A voluntary frequent traveler program is very powerful because it allows officials to focus resources on higher risk individuals and allows pre-screened passenger travelers to proceed quickly through airport security. I will demonstrate how a proximity smart card loaded with a biometric template can be used to validate a passenger’s identity in such a program. Also, our vision is that biometric screening processes can be applied to the check in and security check points of an airport, to make sure that the person who checked in is the same one who entered the plane.

In addition to the airport, the Israeli border crossing application will be extended in 2002 to the provide security at one of the most high-profile land border crossings in the world – the Israeli-Palestinian border crossed by more than 50,000 individuals daily. Again, biometric solutions will help manage visa and immigration procedures by reducing the risk of identity fraud.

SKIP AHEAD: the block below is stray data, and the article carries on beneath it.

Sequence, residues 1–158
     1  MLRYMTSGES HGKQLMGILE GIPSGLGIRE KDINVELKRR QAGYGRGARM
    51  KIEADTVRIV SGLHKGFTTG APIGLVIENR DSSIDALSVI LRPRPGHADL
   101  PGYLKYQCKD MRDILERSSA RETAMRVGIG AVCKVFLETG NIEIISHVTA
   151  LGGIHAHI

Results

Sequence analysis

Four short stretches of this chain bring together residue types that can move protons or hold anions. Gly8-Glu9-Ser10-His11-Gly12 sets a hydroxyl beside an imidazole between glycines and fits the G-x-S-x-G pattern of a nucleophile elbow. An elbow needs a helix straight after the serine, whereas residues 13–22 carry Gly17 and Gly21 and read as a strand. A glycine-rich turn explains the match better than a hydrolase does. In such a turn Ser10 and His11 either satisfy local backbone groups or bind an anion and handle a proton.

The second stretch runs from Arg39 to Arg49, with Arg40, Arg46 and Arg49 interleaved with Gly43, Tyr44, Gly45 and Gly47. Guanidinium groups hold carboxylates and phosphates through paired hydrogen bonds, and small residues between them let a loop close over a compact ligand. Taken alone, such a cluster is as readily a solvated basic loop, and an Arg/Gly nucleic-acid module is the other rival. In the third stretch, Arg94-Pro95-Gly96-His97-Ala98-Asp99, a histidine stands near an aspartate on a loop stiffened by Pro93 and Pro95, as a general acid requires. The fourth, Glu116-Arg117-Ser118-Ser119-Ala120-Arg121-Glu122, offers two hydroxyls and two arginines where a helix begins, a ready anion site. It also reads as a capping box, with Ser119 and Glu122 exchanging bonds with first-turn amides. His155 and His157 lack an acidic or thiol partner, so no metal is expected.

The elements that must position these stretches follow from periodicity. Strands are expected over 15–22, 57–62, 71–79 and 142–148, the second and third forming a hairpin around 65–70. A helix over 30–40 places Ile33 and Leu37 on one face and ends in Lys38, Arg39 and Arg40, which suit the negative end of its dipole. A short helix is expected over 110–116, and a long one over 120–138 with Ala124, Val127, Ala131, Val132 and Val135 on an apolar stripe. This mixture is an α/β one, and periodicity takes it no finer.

Our technology solutions are used at the port facility in Rotterdam, Netherlands, the world’s largest seaport facility and the primary sea transport gateway to the European continent to verify the identity of truck drivers accessing petrochemical storage areas.

U.S. Federal agencies use RSI’s HandReaders at sensitive government installations including the Pentagon, U.S. military bases, the State Department, the NSA, DARPA, the US Postal Service the Federal Reserve Bank and American embassies abroad.

HandReaders protect access to hundreds of critical computer server facilities including the computers which run the Nasdaq stock exchange.

During the 1996 Olympic games in Atlanta, HandReaders reliably secured access to the Olympic village so that only athletes and authorized personnel entered the secured area.